27. Steps in a Direct FBA Generating an operational definition Determining an appropriate behavior recording procedure Observing and recording the behavior Observing and recording the associated antecedent and consequent variables

  28. Key characteristics of functional analysis

  29. Characteristics of a functional analysis Reflects a way of understanding behavior and using causal information to identify effective interventions Goal is to identify the conditions that control the occurrence and maintenance of behavior by determining the function or purpose that the behavior serves

  30. Observing and recording behavior • Starts with an operational definition • Defining and recording behavior is a two step process • Focus on identifying observable behavior or the relevant characteristics displayed by the student • Direct observations of the student

  31. Choice of Measurement Procedures • Frequency recording • Duration recording • Interval recording • Three types • Whole interval • Partial interval • Momentary Time Sampling • Permanent Product Recording • Playcheck recording

  32. Stages of Acting Out Behavior Peak Acceleration De-escalation Agitation Trigger Recovery Calm

  33. Going beyond the immediate environment Often, students are upset about events outside the immediate setting which makes them more vulnerable to acting out in the setting even though that’s not what really set the behavior problem in motion These are called “setting events” Without having some idea of the influences on the student’s life outside of school the likelihood that one’s in-school BIP will be effective is not good, particularly for more extreme types of behavior

  34. “No person is an island”

  35. Microsystem

  36. Mesosystem

  37. Exosystem Indirect effects on student by decisions/settings that have an impact on his/her life

  38. Building a behavioral-ecological model of behavior Thinking outside the box!

  39. Behavior What the person does and the extent to which this represents a match or a mismatch between the person and the expectations placed on that person either overtly or subtly by his/her surroundings “The Winner”Norman Rockwell Saturday Evening Post, May 23, 1953

  40. Person Variables Developmental level Cultural, racial, ethnic, gender roles Learning style Learning history Sensitivity to stimulation Resilience and/or frustration tolerance Disability Nutrition Activity level Reaction to medication

  41. Antecedent Observable-Proximal/Distant Possible triggering, i.e., setting, events that occur prior to the behavior and that are observable Proximal-occur just prior to the behavior (e.g., called on in class) Distant-occur at other times before the behavior (e.g., an altercation with a peer on the bus)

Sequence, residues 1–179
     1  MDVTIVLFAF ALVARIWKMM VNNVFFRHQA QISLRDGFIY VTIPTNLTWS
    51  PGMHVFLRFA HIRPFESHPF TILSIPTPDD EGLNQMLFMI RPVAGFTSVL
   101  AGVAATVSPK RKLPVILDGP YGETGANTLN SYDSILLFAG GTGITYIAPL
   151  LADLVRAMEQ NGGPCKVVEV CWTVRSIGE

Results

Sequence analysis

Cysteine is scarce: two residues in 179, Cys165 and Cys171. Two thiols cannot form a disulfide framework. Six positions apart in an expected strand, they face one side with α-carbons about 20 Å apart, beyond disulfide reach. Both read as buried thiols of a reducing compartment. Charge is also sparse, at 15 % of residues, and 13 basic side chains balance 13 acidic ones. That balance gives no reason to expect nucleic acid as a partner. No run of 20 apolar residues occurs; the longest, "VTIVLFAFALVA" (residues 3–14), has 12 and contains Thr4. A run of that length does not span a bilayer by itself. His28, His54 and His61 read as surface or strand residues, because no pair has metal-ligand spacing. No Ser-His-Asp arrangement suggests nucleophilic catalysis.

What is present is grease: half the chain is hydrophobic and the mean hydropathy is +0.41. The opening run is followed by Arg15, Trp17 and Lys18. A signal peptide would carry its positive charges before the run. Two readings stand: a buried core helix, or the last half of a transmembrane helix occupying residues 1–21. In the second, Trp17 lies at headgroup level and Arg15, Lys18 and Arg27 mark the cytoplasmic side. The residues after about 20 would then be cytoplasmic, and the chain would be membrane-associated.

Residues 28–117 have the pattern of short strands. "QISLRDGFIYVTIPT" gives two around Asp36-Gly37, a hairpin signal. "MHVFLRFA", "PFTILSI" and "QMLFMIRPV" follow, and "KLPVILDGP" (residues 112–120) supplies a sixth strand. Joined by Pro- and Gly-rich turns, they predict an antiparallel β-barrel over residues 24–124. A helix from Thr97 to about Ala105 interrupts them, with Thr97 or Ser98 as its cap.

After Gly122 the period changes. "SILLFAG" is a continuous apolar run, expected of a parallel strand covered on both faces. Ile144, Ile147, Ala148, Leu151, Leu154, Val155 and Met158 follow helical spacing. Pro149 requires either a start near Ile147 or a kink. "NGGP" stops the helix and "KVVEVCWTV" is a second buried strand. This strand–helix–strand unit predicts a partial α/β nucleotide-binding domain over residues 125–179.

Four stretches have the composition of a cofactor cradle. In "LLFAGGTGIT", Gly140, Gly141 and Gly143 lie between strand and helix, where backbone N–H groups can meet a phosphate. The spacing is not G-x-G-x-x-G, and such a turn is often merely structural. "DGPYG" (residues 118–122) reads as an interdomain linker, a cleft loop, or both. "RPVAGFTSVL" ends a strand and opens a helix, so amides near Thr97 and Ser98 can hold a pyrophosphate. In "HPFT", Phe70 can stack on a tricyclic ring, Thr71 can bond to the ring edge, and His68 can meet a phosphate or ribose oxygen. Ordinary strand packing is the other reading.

42. Antecedent Covert-Proximal/Distant • Possible triggering thoughts/feelings that occur prior to the behavior and are not typically observable • Proximal-occur just prior to the behavior (e.g., perceive a peer’s disrespect) • Distant-Recollections from earlier times prior to the behavior (e.g., remembering something that was said last week that generates anger now)

  43. Overt Consequences-Proximal/Distant Possible consequences that follow the behavior and which are observable Proximal-Occur temporally close to the behavior (e.g., student gets out of assignment) Distant-Occur temporally distant to the behavior (e.g., student gets to buy desired item for which s/he has been saving)

  44. Covert Consequences-Proximal/Distant • Possible thoughts/feelings that occur after the behavior which are typically not observable • Proximal-occur just after the behavior (e.g., “Boy, am I stupid”) • Distant-Anticipation of consequences that will or may occur as a result of the behavior (e.g., “I’ll probably get grounded for a week if they find out” or “I will violate my parole if I hang with my buddies past curfew”)

  45. Putting the pieces of the behavioral-ecological model together AOpd P CCpd ACpd B COpd

  46. A Behavioral-Ecological Model of Behaviorwith all of its parts Micro System The Student’s Family, School, Peers & Neighborhood Mesosystem Interchanges Among student and/or his/her micro system AOpd ACpd P B CCpd COpd

  47. Before implementing a behavior change approach Answer the who, what, when, where, why questions Ascertain the communicative function of the behavior Obtain baseline measures of the frequency, intensity and/or duration of the behavior

  48. Individual interventions vs. Environmental modifications Too often we use a “shoehorn” approach in dealing with students’ behavioral issues, namely we do things intended to make the student fit what’s available rather than looking at how to make environmental modifications that fit the student. Assimilation vs. Accommodation

  49. Individualized behavior intervention plans

  50. Who has the behavior that needs to change? The student Others, e.g., classmates, friends, teachers, family, etc.